Teen with Emotional Problems
A high percentage of teens -- nearly one-half -- had experienced some traumatic event in their adolescent years. Nearly one-fifth of the nation's teens are suffering from emotional disorders.
Some have faced violence and abuse in their lives and have enormous difficulty dealing with it. The result: clinical depression, even posttraumatic stress disorder (PTSD). For others, the trouble is internal -- they battle an inherited anxiety disorder, triggered by troubling life experiences. Unfortunately, few adolescents are getting the psychological help they need.
People with good emotional health are in control of their thoughts, feelings and behaviors. They feel positive about themselves and have good relationships.
They can keep their problems in perspective. They have both self-awareness and self-control.Your child's teenage years can be a difficult time. Teens may feel overwhelmed by the Emotional and physical changes they are going through. At the same time, teens may be facing a number of pressures -¬ from friends to fit in and from parents and other adults to do well in school, or activities like sports or part-time jobs.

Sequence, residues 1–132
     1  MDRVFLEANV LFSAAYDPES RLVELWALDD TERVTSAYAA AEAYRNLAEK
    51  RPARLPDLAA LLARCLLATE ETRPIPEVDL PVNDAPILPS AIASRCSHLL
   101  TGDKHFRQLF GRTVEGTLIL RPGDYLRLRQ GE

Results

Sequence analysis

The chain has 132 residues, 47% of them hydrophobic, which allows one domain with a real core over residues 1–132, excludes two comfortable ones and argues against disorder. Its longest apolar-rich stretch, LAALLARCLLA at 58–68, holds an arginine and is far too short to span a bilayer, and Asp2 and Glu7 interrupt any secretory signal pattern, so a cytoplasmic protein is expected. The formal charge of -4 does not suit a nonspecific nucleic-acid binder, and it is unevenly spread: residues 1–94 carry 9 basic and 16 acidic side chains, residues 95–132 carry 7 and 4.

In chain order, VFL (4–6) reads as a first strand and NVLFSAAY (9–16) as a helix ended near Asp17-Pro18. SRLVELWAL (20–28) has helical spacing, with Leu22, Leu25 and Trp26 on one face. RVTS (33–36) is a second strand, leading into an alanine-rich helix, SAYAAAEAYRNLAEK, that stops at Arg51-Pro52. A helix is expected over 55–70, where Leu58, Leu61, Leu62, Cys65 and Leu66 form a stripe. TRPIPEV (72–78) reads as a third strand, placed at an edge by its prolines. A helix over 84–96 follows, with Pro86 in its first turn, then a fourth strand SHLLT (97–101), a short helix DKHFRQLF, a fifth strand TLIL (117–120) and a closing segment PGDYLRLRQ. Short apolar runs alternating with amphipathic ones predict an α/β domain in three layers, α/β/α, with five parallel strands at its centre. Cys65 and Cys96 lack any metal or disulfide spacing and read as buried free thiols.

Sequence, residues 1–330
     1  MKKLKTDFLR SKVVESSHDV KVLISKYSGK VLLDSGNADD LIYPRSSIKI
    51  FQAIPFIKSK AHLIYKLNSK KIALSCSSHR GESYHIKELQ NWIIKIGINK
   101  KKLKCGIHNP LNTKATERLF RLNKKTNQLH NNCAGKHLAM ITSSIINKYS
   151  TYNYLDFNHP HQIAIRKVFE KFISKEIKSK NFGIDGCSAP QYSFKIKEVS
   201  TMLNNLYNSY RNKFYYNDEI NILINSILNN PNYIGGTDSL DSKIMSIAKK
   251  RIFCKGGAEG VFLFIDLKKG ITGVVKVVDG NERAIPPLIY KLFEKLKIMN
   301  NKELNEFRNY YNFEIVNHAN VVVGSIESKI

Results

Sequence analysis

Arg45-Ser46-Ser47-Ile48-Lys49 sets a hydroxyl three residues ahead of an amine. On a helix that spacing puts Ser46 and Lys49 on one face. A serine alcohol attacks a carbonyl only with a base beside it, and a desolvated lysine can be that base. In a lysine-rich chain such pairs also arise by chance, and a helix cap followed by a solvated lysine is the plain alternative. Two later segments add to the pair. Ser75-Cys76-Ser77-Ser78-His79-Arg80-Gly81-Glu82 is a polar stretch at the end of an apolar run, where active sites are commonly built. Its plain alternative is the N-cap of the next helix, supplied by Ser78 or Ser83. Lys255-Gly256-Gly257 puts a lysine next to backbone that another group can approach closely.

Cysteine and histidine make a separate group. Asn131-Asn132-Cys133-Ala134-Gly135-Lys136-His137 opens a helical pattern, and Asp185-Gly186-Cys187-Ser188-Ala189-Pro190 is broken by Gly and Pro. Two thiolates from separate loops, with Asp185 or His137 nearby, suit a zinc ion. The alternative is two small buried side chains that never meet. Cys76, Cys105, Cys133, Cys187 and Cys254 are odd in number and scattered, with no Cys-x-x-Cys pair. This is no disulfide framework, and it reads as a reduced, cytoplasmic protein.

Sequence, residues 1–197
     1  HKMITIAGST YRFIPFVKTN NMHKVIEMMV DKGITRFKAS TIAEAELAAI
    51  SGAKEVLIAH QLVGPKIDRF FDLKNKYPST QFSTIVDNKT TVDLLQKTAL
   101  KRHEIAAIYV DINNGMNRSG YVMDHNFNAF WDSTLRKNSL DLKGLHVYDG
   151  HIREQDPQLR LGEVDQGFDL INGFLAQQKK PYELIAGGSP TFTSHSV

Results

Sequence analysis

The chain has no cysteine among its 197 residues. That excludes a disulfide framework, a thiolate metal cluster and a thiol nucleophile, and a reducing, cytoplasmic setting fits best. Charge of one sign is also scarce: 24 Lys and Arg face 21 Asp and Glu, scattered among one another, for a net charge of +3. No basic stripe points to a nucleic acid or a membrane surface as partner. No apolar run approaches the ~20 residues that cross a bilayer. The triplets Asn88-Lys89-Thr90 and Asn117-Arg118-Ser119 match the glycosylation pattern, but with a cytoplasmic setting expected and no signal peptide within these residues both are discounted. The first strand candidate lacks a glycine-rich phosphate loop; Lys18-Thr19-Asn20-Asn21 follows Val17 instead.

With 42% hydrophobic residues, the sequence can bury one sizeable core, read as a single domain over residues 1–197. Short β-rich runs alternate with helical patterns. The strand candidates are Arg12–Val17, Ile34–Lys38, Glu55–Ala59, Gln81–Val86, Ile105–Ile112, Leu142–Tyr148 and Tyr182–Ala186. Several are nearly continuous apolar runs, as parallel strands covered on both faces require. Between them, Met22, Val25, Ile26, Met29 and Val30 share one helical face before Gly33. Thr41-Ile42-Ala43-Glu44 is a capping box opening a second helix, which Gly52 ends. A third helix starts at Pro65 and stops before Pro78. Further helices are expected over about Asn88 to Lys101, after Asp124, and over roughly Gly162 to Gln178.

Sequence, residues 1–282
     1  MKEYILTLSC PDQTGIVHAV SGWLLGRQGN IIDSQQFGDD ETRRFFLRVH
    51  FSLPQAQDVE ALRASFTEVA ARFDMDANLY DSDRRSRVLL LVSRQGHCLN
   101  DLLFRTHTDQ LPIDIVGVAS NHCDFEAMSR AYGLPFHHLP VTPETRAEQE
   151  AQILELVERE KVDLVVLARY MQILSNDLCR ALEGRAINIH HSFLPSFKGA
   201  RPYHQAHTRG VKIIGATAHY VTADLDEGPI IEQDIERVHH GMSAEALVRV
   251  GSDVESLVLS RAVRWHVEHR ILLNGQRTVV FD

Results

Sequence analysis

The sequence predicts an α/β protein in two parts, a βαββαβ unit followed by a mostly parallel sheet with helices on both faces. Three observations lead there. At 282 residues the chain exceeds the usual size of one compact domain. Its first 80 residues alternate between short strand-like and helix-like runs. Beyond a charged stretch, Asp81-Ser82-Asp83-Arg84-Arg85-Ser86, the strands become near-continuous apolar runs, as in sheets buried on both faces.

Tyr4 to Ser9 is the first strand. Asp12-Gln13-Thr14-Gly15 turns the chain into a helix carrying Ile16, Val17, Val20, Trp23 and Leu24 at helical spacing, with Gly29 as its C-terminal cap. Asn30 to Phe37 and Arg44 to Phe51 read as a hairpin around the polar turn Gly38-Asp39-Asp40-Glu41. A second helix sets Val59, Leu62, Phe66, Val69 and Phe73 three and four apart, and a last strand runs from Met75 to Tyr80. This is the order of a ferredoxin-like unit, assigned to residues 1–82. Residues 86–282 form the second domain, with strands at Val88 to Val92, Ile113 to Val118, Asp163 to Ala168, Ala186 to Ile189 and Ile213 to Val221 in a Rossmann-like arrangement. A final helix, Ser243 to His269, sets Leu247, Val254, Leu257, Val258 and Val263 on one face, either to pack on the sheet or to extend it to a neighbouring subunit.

The teenage years are a time of transition from childhood into adulthood. Teens often struggle with being dependent on their parents while having a strong desire to be independent. They may experiment with new values, ideas, hairstyles and clothing as they try to define who they are. Although this may be uncomfortable for parents, it is a normal part of being a teenager.
Communicating your love for your child is the single most important thing you can do. Children decide how they feel about themselves in large part by how their parents react to them. For this reason, it's important for parents to help their children feel good about themselves.Don't ignore a problem in the hopes that it will go away. It is easier to cope with problems when they are small. This also gives you and your teen the opportunity to learn how to work through problems together.
Is it a behavioral disorder such as Oppositional Defiant Disorder (ODD), a pattern of negative, defiant, and disobedient behavior, or Conduct Disorder, where your child repeatedly and persistently violates rules and the rights of others without concern or empathy? Perhaps the most important question of all for parents to consider is, how much distress is your child’s problem causing you, the child, or other members of the family?
If you suspect there is a problem, ask your teen about what is bothering him or her. And then don’t be afraid to ask for help. Many resources are listed here
They can be of great help. They are user-friendly guide for professionals who supervise, manage, teach, or treat teenagers who get into trouble.
About The Author
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Date Posted: May 17, 2007
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